Men and women 150 years ago grappled with information overload by making scrapbooks – the ancestors of Google and blogging. From Abraham Lincoln to Susan B. Anthony, African American janitors to farmwomen, abolitionists to Confederates, people cut out and pasted down their readings. In scrapbooks, 19th-century readers spoke back to the media. African Americans and women’s rights activists collected, concentrated, and critiqued accounts from a press that they did not control to create “unwritten histories” in books they wrote with scissors. In this session, participants will explore how men and women created their own democratic archives, especially during the battle for suffrage, with Ellen Gruber Garvey, Ph.D. Participants are invited to bring scrapbooks 50 years old or older, to examine and discuss.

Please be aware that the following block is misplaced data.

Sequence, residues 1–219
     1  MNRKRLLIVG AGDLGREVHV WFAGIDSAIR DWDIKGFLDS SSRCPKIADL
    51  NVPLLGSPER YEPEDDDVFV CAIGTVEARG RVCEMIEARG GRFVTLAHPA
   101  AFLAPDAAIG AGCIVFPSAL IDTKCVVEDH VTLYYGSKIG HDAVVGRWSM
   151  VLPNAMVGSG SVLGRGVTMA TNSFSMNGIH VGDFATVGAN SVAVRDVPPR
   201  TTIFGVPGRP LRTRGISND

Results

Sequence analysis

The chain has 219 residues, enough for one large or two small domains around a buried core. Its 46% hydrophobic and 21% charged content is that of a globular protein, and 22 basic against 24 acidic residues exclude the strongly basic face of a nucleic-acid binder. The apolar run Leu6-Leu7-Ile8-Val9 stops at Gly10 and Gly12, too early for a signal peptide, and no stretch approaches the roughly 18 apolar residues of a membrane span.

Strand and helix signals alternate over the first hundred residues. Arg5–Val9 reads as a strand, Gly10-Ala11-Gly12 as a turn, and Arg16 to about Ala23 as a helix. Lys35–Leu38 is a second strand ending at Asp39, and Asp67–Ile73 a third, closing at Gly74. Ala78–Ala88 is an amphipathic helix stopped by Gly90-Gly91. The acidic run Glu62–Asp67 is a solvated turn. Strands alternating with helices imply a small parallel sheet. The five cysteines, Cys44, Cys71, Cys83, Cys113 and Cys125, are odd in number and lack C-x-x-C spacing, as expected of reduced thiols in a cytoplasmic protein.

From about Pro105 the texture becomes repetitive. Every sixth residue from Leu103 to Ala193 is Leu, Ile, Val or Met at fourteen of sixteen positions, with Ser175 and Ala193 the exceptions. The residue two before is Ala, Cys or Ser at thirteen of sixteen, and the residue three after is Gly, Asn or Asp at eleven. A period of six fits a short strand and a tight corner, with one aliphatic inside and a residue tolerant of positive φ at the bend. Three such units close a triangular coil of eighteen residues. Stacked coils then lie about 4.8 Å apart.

Reservations are required as seating is limited.
March 29th, 1:00 PM, Hamilton House Museum in Clifton
Presented By: Passaic County Board of Chosen Freeholders and City of Clifton
Funded By: New Jersey Council for the Humanities